If you’re a plus size person, and you want to make your own clothes, first, where do you find the patterns? Second, if you’re on social media, the vast majority of sewing influencers are thin. The vast majority of the sewing company owners are thin. When we see tester versions, the testers are thin. With any kind of pattern, there’s a self-replicating effect. If you see it on someone with a body like yours, you’re going to want to make it. However, if there isn’t a sample shown by the pattern company or they’re not sharing images representing their full size range, you may never see someone with a body like yours make that pattern. If you’re brand new to sewing, that is super intimidating. Therefore, we’re not getting NEW plus size sewists at nearly the rate we are getting smaller sized sewists. There are folks out there that want to make their own clothes; they exist. I don’t think the sewing community is particularly welcoming them, because it’s very daunting. Being new and even reading, “You can make that pattern, and you need to make these 12 adjustments to make it fit your body” is terrifying.
(B): So, this becomes an issue of…if you don’t see yourself in the population, then you’re not going to aspire to be a part of that population.
(S): Yeah…and if you go to sewing classes, and the sewing teacher doesn’t know how to do the adjustments that are necessary for your body, or often sewing classes only choose patterns that are size 16 and smaller, and never offer higher sizes in their patterns that they choose to teach. How are you supposed to learn? There’s a lot of barriers to the entry of the community that don’t need to be there.
(B): Do you think the take away for pattern companies that want to include plus sizes, is they need to show more size ranges in their promotional photos?
Yes. If it’s feasible, have multiple models in multiple points in your size range, with one always at the top end. Or at least a second line drawing included with a larger body type in the PDF. Make sure your tester pool is really broad and if you’re doing a blog post with tester round up photos, make sure you’re including examples at the top of your size range. Make sure you’re promoting them equally, if you’re a company that reposts things in the tags on Instagram. Check your own personal assumptions. Try to figure out how much you’re representing in terms of size, race…like, if you’re only reposting relatively thin, white women, then you’re telling us very much what your brand is, and that’s a problem.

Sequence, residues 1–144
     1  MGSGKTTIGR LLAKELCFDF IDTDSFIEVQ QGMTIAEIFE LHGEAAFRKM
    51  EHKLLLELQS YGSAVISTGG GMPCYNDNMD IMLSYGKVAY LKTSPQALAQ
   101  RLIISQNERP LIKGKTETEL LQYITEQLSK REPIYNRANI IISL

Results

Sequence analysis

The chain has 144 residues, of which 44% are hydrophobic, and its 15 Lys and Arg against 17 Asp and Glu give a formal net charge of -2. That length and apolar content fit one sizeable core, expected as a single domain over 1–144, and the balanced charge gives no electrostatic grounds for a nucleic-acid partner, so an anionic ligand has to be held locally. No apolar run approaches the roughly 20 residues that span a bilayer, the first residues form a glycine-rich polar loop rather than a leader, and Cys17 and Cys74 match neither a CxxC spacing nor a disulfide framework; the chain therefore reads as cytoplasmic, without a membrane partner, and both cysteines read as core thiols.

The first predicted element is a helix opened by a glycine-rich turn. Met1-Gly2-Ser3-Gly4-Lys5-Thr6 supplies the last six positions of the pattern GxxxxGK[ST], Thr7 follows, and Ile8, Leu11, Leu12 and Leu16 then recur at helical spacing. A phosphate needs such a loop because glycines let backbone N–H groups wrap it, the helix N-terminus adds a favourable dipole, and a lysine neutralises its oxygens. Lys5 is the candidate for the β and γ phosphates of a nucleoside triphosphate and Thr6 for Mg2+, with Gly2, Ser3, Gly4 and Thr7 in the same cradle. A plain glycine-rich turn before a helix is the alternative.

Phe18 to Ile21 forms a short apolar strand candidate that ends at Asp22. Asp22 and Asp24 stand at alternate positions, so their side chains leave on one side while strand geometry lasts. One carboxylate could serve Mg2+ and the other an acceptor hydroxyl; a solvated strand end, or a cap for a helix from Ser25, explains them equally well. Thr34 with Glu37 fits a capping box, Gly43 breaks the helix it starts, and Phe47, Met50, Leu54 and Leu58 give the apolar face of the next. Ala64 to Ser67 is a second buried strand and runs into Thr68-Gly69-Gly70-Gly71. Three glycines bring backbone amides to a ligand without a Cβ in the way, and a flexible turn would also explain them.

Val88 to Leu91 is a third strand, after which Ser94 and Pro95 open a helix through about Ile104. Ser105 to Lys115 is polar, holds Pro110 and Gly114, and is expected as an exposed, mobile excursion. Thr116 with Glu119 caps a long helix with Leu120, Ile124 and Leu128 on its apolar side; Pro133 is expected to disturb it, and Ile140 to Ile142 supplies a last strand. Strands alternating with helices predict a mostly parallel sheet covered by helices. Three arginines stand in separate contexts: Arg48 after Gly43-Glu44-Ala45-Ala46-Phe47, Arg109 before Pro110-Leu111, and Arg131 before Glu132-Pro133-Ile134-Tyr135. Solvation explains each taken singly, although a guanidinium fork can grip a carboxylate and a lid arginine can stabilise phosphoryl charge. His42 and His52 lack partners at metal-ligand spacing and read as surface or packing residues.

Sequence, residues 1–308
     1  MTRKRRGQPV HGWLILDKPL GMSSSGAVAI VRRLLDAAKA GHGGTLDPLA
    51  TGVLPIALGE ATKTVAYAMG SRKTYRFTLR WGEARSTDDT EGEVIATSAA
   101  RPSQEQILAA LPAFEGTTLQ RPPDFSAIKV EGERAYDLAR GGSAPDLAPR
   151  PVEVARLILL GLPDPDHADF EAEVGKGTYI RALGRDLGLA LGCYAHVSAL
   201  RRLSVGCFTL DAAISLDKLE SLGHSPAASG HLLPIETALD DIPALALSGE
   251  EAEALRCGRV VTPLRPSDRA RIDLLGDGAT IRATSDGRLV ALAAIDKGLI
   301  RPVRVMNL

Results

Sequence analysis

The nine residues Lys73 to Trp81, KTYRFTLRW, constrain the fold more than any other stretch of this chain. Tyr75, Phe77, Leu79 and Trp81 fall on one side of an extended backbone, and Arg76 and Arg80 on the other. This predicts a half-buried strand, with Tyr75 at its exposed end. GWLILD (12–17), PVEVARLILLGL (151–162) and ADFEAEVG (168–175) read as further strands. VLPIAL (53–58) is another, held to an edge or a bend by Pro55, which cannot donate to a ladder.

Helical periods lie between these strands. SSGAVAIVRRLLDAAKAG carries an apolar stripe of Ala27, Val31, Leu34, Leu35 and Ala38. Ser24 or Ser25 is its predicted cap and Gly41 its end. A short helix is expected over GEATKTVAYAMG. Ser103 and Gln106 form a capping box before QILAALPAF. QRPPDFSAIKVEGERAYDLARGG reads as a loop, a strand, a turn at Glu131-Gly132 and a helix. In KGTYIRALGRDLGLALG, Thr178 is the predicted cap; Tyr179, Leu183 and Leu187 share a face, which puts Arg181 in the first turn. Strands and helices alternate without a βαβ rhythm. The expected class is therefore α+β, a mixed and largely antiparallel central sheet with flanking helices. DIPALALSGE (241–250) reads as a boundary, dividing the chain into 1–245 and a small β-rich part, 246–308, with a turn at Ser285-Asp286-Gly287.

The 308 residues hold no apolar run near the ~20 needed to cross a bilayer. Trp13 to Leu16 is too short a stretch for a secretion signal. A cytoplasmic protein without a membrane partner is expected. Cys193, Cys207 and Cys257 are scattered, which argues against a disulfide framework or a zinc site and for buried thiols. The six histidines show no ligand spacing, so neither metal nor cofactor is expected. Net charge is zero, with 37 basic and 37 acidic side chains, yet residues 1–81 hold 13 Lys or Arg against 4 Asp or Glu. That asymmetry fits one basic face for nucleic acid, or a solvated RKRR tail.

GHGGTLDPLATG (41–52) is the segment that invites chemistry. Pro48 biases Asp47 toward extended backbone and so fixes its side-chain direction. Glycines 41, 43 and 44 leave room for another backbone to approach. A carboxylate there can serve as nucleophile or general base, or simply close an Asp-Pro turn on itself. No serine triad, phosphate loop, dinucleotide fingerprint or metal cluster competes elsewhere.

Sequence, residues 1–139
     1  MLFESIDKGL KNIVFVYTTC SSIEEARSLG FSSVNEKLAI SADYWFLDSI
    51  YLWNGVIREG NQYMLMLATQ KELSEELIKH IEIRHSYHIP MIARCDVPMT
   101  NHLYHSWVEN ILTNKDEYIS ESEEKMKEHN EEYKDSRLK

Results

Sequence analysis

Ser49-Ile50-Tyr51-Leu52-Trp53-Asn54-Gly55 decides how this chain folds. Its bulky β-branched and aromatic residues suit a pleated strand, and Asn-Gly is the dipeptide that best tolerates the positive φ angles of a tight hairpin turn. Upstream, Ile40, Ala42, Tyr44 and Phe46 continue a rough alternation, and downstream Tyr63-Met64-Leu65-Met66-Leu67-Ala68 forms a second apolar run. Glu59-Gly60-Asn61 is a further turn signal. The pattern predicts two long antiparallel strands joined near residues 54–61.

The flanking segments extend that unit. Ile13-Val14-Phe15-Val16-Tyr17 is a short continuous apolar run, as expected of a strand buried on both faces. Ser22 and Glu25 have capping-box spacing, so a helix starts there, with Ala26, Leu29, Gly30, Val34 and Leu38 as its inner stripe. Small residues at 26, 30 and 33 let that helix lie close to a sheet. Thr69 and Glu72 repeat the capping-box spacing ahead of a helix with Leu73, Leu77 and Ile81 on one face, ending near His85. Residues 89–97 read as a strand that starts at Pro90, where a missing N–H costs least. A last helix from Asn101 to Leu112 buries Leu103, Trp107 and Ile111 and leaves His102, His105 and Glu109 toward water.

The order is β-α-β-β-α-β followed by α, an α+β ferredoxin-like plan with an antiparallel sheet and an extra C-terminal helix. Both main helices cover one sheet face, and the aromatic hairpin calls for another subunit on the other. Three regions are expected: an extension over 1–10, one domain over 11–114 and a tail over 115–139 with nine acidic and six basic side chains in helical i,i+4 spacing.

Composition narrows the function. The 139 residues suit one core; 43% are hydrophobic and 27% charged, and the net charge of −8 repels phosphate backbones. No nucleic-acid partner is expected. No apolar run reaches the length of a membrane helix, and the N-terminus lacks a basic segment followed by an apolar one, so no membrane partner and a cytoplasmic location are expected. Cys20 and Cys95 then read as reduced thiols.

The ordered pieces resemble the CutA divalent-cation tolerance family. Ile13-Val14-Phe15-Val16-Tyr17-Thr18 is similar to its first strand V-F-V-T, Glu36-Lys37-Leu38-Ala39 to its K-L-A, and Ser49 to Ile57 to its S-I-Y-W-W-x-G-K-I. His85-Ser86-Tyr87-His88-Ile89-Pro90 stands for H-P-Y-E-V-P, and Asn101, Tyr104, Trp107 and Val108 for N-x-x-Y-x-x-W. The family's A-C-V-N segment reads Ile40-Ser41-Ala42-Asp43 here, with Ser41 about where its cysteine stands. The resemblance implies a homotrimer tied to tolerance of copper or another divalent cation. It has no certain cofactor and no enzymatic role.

(B): You have a lot of work that is intersected here with your activism and teaching. What is your big hope to come from all of this work? What keeps driving you?
(S): What makes me so happy, and this comes up time and again both in Sew Queer and in my various plus size rants, when people say to me:
- This feels really good to me
- This is something that hit home to me
- This is something that feels affirming to me
- I didn’t know there other queer sewist in the world
- I didn’t know people were doing this work
- I didn’t know that people were thinking about expressing their sexual or gender identity through sewing and this feels awesome
- I’ve never seen someone with a body like mine that dresses like me
It’s about that representation: I am affirming you the way that you are by talking about these things. Particularly sew queer. This is not ‘the ways you can be’ or presenting role models, but more ‘the way you are is awesome; let’s talk about it’ or ‘let’s affirm that.’ Make connections with other people. Hopefully folks are following each other and saying “I want to know that person” and I want to be friends with them. Mutual affirmation and connection.
One of the things about the Sewcialists community, and one of the things that has come up, in particular with Sew Queer, is that sometimes people will say they don’t know if they identify ENOUGH as queer for #sewqueer… one of the things I say, not to push anyone who’s not comfortable, but if you feel the tiniest bit queer, you are queer enough. That is true, no matter how much or where you are in life, YOU ARE ENOUGH to be yourself, and enough to be part of my community. I use queer because I like it as an umbrella term, but obviously this includes everyone LGBTQ+.
I read this joke once, I don’t recall where: The one universal experience that we can claim as queer people is that at one time or another, we have all felt not queer enough.
The Sewcialist Interviews are a chance to hear more from some of the leaders in our sewing community. We will search out pattern makers, fabric designers, teachers, designers, and all-around awesome people that embody the Sewcialist spirit, and bring you the interviews to help inspire your sewing journey.
We thank Shannon for her time and participating in our interview. Shannon will be looking for community volunteers for Sew Queer. If you are interested, please contact Shannon through the Sew Queer Instagram account.
(All images property of Shannon of With A Rare Device)